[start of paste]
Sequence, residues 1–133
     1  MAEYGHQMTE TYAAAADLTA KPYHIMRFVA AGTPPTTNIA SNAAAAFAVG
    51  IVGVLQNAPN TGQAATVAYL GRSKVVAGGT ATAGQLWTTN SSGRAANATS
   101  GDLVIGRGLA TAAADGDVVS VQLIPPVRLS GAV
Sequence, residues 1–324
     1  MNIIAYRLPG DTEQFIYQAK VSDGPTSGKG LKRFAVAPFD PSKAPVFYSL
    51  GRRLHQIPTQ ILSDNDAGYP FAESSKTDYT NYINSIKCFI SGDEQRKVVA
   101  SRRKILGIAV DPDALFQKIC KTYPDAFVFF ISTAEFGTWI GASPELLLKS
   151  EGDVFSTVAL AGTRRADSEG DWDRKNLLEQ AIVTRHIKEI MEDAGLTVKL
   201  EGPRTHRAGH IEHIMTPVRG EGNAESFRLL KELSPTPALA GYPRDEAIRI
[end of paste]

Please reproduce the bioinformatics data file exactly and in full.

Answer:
Sequence, residues 1–133
     1  MAEYGHQMTE TYAAAADLTA KPYHIMRFVA AGTPPTTNIA SNAAAAFAVG
    51  IVGVLQNAPN TGQAATVAYL GRSKVVAGGT ATAGQLWTTN SSGRAANATS
   101  GDLVIGRGLA TAAADGDVVS VQLIPPVRLS GAV
Sequence, residues 1–324
     1  MNIIAYRLPG DTEQFIYQAK VSDGPTSGKG LKRFAVAPFD PSKAPVFYSL
    51  GRRLHQIPTQ ILSDNDAGYP FAESSKTDYT NYINSIKCFI SGDEQRKVVA
   101  SRRKILGIAV DPDALFQKIC KTYPDAFVFF ISTAEFGTWI GASPELLLKS
   151  EGDVFSTVAL AGTRRADSEG DWDRKNLLEQ AIVTRHIKEI MEDAGLTVKL
   201  EGPRTHRAGH IEHIMTPVRG EGNAESFRLL KELSPTPALA GYPRDEAIRI